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Historic Watres Lodge and Great Camp - Lake Ariel, PA

Historic Site
The lodge at Lacawac – Michael Gadomski

Lacawac Sanctuary was originally developed as a summer retreat for William Connell, a three-term Congressman, industrialist, and coal magnate. In 1912, the retreat was purchased by Colonel Louis A. Watres, a prominent Scranton businessman, to acquire a parcel along the Wallenpaupack River. This was part of the area that was flooded in 1926 for Lake Wallenpaupack’s hydroelectric dam construction. The lake is the largest in Eastern Pennsylvania and a major economic driver in the region. Lacawac Sanctuary owns 1 mile of shoreline on Lake Wallenpaupack, which is one of the only undeveloped stretches along the 52 mile perimeter.


Mr. William Connell, born in Nova Scotia in 1825, moved to the Pennsylvania coal fields in his youth and began his career driving a coal wagon. Illiterate, he married a woman of great character named Annie Laurence, who taught him to read and write. Their extreme frugality and industrious careers enabled them to purchase the coal company for which Connell had worked during the decade following the Civil War. From there, Connell branched into other activities, establishing a huge button manufacturing plant, and finally serving in the U.S. House of Representatives, and seeking, unsuccessfully, the Republican nomination for Governor of Pennsylvania in 1902.

By the turn of the century, deer populations had been almost destroyed by market hunters. In the early 1900's, the appearance of a deer made newspaper headlines. Connell decided to establish a deer park on his estate. He installed four miles of wire mesh fencing topped by barbed wire to contain a herd of deer he imported from Virginia. His deer house was designed to feed the deer in winter.

Numerous local farmers were employed in building the estate. Some women from nearby farms served as domestic help, young farm lads did odd jobs and towed boats for guests fishing on the lake.

William Connell died in 1909 leaving eleven children, none of whom had any interest in retaining Lacawac. The Connell's lived in Scranton, and Lacawac seemed a million miles away in the hinterlands. To reach Lacawac the family had to take a train from Scranton to Lake Ariel, where they were met by their coachman for the rough and dusty seven-mile ride to Connell Park. It was just too logistically difficult to maintain the estate, to be appealing to the Connell heirs.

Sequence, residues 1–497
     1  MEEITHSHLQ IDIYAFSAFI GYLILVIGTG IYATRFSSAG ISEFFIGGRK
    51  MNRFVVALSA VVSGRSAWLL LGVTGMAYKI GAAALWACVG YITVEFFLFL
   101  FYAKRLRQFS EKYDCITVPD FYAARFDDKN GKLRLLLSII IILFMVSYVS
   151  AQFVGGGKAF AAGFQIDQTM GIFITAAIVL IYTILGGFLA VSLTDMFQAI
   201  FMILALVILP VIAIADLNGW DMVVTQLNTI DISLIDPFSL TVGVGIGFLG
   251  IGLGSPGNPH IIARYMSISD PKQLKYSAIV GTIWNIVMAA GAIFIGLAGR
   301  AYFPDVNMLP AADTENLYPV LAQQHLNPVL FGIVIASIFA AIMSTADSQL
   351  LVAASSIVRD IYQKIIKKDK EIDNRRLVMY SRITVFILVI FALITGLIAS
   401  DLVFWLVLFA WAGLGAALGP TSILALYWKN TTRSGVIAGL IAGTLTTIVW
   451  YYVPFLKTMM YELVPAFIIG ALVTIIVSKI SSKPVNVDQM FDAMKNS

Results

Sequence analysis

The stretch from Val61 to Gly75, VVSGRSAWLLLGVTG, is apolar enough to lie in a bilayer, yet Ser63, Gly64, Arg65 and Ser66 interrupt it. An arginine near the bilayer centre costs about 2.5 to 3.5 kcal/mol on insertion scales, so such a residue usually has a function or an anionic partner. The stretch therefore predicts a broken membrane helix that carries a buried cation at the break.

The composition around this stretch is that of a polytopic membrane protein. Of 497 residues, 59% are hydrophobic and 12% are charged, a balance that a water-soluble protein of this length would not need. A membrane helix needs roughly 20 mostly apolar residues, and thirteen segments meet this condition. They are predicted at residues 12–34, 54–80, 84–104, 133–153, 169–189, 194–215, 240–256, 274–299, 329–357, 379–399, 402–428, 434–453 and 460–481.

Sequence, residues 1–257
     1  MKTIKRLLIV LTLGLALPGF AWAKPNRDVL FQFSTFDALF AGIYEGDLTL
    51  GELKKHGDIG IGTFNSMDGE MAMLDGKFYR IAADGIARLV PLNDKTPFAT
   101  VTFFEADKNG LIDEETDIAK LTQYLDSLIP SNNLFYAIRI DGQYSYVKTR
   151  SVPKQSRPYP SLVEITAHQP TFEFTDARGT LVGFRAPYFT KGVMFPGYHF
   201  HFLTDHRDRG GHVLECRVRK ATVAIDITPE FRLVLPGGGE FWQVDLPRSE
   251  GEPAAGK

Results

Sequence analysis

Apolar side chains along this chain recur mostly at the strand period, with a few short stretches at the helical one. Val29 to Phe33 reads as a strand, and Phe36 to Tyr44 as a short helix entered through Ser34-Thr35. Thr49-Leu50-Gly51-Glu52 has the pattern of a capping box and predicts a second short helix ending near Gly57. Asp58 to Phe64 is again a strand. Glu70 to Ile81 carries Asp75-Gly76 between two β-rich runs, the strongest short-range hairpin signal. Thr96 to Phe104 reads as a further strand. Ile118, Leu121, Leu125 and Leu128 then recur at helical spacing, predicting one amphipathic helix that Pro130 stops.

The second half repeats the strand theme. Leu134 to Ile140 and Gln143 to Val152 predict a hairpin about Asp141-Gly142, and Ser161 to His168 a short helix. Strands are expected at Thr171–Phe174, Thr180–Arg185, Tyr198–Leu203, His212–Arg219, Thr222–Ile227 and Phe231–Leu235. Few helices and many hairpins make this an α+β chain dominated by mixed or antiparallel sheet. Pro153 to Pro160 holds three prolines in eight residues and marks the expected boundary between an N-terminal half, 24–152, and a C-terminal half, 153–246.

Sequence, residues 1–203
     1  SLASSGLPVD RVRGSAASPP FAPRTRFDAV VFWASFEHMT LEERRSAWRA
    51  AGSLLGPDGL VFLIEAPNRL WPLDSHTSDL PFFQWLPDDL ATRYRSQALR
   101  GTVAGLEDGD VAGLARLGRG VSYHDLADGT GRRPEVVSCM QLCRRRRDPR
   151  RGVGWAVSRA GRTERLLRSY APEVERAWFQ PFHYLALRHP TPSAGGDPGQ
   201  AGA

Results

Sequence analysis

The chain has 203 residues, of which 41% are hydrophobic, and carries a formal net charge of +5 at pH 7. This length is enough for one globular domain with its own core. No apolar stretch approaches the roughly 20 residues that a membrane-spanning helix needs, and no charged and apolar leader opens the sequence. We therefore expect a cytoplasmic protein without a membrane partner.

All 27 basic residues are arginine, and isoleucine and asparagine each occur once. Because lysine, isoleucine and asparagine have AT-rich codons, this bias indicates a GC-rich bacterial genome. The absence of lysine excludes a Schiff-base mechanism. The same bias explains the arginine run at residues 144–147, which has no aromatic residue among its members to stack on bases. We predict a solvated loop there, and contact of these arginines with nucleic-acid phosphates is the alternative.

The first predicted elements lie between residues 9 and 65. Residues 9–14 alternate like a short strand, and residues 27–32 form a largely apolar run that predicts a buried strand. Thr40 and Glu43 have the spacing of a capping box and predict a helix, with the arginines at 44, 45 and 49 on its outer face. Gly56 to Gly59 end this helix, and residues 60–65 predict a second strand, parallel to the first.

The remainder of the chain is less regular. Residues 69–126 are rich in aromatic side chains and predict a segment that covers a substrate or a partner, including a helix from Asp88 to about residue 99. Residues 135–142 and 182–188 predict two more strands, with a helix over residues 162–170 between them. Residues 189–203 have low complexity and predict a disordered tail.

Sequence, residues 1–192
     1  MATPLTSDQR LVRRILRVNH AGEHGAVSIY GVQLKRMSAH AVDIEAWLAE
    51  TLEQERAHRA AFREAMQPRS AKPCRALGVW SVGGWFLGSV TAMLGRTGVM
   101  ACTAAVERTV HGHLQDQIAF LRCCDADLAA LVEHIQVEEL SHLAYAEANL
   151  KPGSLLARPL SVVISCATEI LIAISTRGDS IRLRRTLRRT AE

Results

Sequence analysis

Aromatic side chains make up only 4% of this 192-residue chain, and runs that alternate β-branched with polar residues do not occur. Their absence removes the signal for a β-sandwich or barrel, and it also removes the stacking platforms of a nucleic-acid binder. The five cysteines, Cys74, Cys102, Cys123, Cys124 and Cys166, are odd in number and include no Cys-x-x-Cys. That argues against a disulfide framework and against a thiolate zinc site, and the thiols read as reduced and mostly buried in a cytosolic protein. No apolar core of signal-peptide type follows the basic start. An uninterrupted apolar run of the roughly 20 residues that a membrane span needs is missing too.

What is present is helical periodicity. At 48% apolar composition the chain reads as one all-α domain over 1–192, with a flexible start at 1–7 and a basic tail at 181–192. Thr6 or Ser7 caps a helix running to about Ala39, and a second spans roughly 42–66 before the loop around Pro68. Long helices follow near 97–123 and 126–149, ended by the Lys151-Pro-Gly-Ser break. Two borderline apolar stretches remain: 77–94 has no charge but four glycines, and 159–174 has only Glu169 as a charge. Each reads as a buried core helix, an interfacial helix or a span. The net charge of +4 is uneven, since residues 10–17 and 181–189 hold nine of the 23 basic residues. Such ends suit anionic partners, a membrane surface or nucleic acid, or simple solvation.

Connell purchased the 400-acre Lacawac estate, which he called Connell Park, in 1902-1903. Establishing the first of the "second homes" in the Wallenpaupack basin, Connell set a standard of style and comfort unique to the neighborhood. It was typical of estates which wealthy Americans were building in the Berkshires and Adirondacks at the turn of the century. The lodge boasted indoor plumbing with hot and cold running water, central heating, and a walk-in cooler supplied with ice cut from Lake Lacawac in winter and stored in the ice house. The main lodge, with rustic trimmings and Mission oak furnishings, was paneled throughout with southern yellow pine. The large living- and dining rooms with fireplaces, kitchen, pantry, and screened dining porch provided a gracious setting for living and entertaining. Eight bedrooms, three bathrooms and sleeping porch provided ample accommodation. At the lake's edge were a spring house, a boat house, and a pump house containing a one-cylinder steam pump (which was fired up weekly to fill a big water tank in the lodge with lake water, in order to supply the house with water by gravity flow). Behind the house was a coachman's house in which carbide gas was generated for gas lighting in the lodge. In back of the coachman's house were a woodshed, and a privy (without running water) for the help. The ice house and the large two-story carriage house stood at the end of the road. Along the entrance drive stood a deer house, a unique feature in the neighborhood.

Pet Friendly Notes

Pets are welcome at Lacawac

Time Period Represented

Early 1900's


9 am - 4 pm Monday-Friday, Hours vary on Weekends

Seasons Open

April 15- November 30


Free to Public, donations encouraged

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